Harry "Hunk" Anderson was born on October 2, 1922 in Corning, N.Y. He was drafted to serve in the U.S. Army during WWII. Released as a PFC in July of 1946, Anderson attended Hobart College under the GI Bill. After realizing that the stipend for the GI Bill would not adequately cover what he called his “social costs,” Anderson teamed up with classmates Bill Laughlin '49 and William Scandling '49 to supplement their incomes.
Anderson and partners became commonly known as “The Corporation” around campus for their various money-making ventures. After the closing of the Hobart cafeteria in the spring of 1948, they approached the Colleges' treasurer, Dr. H. Newton Hubbs, and proposed their plan to take over operations of the Hobart cafeteria. Although initially hesitant, Doc Hubbs presented the idea to President Alan Brown, suggesting that it be heard by the Board of Trustees. The board approved of their plan on the condition that they obtain insurance. Knowing that being issued an insurance policy, let alone being able to afford the cost of a policy, would be nearly impossible, the three men sought the help of Hobart Dean, Walter Durfee. Durfee played a crucial role in helping the three men acquire insurance. His guidance and assistance led Anderson and partners to see out a former Hobart graduate who sold insurance in the Geneva area. Max Henry '17, who was also a former Kappa Alpha brother during his days at Hobart, somehow convinced Aetna Insurance Company to issue a policy to the three young entrepreneurs and the doors to the Hobart cafeteria reopened in the fall of 1948.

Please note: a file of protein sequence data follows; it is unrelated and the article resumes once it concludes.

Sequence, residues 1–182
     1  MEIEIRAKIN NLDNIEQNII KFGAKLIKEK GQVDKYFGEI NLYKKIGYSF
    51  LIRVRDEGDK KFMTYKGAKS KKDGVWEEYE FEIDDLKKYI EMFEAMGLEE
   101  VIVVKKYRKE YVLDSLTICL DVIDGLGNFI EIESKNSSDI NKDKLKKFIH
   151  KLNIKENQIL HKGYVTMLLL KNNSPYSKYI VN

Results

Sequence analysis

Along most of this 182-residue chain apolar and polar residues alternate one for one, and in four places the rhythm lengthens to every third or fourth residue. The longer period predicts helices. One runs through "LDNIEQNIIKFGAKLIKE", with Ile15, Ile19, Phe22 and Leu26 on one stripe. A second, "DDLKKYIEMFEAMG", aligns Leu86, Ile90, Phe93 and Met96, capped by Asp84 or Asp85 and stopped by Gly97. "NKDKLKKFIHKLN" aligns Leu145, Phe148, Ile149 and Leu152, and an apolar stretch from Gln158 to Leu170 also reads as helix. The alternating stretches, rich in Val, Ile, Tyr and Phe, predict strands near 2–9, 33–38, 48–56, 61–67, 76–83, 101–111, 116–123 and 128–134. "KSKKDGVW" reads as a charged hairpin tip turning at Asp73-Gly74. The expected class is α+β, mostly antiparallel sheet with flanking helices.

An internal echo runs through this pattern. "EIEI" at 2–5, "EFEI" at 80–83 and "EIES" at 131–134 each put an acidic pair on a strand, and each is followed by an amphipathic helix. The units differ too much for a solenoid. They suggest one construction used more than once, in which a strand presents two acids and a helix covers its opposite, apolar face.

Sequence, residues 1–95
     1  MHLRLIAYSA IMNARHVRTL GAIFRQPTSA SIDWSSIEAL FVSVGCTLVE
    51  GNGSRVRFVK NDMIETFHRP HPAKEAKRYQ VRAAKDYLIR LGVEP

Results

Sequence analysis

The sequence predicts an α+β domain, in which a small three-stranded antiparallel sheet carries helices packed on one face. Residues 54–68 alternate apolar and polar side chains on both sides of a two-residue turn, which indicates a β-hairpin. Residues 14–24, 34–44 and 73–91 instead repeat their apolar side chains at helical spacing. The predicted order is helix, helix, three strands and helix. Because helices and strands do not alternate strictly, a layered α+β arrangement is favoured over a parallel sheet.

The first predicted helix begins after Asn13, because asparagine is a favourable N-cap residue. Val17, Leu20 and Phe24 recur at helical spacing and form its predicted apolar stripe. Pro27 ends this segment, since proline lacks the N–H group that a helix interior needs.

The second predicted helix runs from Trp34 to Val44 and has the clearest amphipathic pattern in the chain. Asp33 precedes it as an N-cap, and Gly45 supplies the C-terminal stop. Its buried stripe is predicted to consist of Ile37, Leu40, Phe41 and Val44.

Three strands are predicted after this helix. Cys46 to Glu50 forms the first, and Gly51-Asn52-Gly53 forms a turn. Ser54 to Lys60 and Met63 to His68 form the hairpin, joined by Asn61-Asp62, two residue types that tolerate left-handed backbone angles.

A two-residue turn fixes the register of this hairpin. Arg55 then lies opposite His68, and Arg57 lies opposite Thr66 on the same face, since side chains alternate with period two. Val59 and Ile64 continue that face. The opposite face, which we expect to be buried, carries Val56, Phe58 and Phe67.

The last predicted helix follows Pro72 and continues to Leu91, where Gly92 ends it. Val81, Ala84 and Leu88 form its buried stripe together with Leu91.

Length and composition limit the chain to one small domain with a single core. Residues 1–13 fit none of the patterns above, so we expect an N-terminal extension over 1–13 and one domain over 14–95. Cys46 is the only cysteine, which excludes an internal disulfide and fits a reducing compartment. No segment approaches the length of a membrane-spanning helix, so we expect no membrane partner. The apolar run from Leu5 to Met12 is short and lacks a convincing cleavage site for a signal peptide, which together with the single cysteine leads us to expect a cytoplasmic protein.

Anderson, Laughlin and Scandling devised a system by which they sold meal tickets in advance and used the money to cover the current week's expenses. Anderson played the “front man” in the day-to-day operations, spending much of his time ensuring that each student was pleased with the service. After a hectic first year, A.L.S. & Co. secured its second account with William Smith College. At the suggestion of their lawyer, they formed a corporation which became known as Saga.
Their business continued to grow at an exponential rate. In 1968 Saga went public, selling 321,000 shares of common stock. By 1974, Saga was serving over 400 million meals a year, held 587 food service accounts and owned 241 restaurants. In 1986, Saga was sold to the Marriot Corporation.
Through his travels around the world, Anderson became interested in art. After visiting Paris in 1964, Anderson and his wife Mary “Moo” Ransford, decided to begin their own collection. They forged friendships with painters and critics who helped them learn more about their passion. Their daughter, Putter, also became involved in the family venture. After finding that most of the impressionist masterpieces they admired were already taken, the family focused on acquiring important pieces of contemporary art.
After thirty years of collecting, the Anderson Art Collection is generally regarded as one of the largest and best private holdings of 20th Century American art in the United States, with over 1,200 works. Anderson, with his wife and daughter, has donated hundreds of works to many different institutions and museums across the country. In 1996, the Andersons made a landmark gift of 655 pieces to the Achenbach Foundation for Graphic Arts, the Fine Arts Museums' department of prints and drawings.
Anderson and wife, Moo, currently reside in Atherton, Calif., where their art collection continues to grow.
Contribution: Founder of Saga Food Corporation, Art Collector
College Activities: Tennis, Phi Phi Delta, Kappa Beta Phi